Cinnamon is a spice derived from the bark of an evergreen tree from the laurel family called Cinnamomum verum. This spice has a flavor that is sweet, spicy and woody with hints of citrus. Cinnamon works well in soups, stews, baked goods and pastries, apple and pumpkin pies, teas, coffees and many other recipes as a replacement for mace. 

Cinnamon has a stronger flavor than mace, so use half the amount of cinnamon to replace mace. For example, use 1/2 tablespoon of cinnamon to replace 1 tablespoon of mace. 

Apple pie spice

Made with cinnamon, ginger, nutmeg, cardamom and sometimes allspice, apple pie spice is another popular ingredient that can be used as an alternative for mace. 

Keep in mind that apple pie spice contains spices that are all stronger than mace, and, apple spice spice is contains larger amounts of cinnamon and nutmeg so use a lesser amount of apple pie spice in any recipe that calls for mace. 

Pumpkin pie spice

Pumpkin pie spice can also be used as a mace substitute. It is a mixture of spices including ground allspice, ground cloves, ground cinnamon, ground ginger and ground nutmeg.

Pumpkin pie spice is usually made with more cinnamon, nutmeg and ginger, so make sure to keep this in mind when using as a stand in for mace. As such, use less pumpkin pie spice when using in place of mace. 

Pumpkin pie spice is great for replacing mace in recipes like stews, added to vegetables, in soups, cookies, muffins, breads, puddings and more.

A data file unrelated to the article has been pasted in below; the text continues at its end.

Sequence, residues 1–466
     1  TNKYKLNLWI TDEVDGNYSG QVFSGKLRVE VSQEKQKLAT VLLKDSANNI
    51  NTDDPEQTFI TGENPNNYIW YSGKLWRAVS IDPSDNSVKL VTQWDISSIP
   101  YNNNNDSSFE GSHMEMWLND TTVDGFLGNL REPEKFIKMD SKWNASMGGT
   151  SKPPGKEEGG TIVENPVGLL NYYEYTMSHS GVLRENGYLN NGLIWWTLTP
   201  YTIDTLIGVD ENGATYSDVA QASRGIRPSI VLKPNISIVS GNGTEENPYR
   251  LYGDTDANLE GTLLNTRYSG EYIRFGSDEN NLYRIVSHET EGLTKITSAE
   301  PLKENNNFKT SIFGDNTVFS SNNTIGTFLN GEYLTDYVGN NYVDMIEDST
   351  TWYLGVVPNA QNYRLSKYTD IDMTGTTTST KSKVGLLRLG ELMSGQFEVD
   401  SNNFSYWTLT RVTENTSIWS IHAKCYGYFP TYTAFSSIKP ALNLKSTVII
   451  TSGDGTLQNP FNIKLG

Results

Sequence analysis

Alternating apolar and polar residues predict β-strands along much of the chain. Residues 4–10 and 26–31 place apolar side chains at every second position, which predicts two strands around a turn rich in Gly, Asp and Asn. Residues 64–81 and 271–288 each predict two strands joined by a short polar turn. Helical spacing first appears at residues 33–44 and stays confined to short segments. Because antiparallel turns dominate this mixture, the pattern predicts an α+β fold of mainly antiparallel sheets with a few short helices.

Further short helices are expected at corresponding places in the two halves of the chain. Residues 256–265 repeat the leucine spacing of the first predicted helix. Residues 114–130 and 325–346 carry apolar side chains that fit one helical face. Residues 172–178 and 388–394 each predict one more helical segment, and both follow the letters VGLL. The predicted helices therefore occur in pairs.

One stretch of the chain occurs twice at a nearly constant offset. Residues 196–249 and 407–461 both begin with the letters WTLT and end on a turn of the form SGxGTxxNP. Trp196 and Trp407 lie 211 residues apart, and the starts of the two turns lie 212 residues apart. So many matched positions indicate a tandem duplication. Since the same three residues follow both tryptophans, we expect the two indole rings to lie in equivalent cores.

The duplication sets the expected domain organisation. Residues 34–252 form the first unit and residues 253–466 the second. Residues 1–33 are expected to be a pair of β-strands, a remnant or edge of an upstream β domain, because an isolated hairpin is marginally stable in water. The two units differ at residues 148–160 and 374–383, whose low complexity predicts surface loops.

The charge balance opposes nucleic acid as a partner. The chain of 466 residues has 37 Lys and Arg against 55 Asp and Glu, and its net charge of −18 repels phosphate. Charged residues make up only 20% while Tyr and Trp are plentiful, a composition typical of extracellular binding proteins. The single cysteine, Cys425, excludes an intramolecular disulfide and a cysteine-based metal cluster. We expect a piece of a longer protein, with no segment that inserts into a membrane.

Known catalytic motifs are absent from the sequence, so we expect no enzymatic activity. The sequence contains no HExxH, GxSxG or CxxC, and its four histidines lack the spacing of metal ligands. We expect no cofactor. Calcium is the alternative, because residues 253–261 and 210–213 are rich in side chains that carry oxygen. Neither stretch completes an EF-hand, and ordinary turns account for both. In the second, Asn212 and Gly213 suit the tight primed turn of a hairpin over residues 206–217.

Allspice is spice made from the dried berries of an evergreen plant called Pimenta dioica. Allspice is another good substitute for mace in certain recipes.

Note that allspice has a flavor that is a mix between cloves, cinnamon, nutmeg and black pepper, so keep that in mind when using allspice to replace mace.

Because mace is a milder spice, start with a lesser amount of allspice to replace the mace spice. So, for example use, 1/4 tablespoon  of allspice in place of 1 tablespoon of mace. Then taste your dish and adjust the spice as needed. 

Ground ginger

ground ginger

Ground ginger is milder than fresh ginger and makes another good alternative for mace.

Most ground ginger has a flavor that is slightly sweet and spicy and can be used to substitute for mace in recipes like stews, marinades, sauces, desserts, drinks, salad dressings, soups and more.

Because ground ginger is mild, substitute this ingredient on a 1:1 ratio with mace spice.

Substitutes for mace in specific recipes

Substitute for mace in curry

Curry is an Indian recipe usually made with garam masala which contains nutmeg. If you have no mace and you’re about to make a curry recipe, you can replace the mace with garam masala, nutmeg, allspice or mace blades.

Substitute for mace in old fashioned donuts

If you have no mace on hand, and you’re looking to make some old fashioned donuts, you can substitute with nutmeg or ground ginger. 

More spice substitutes…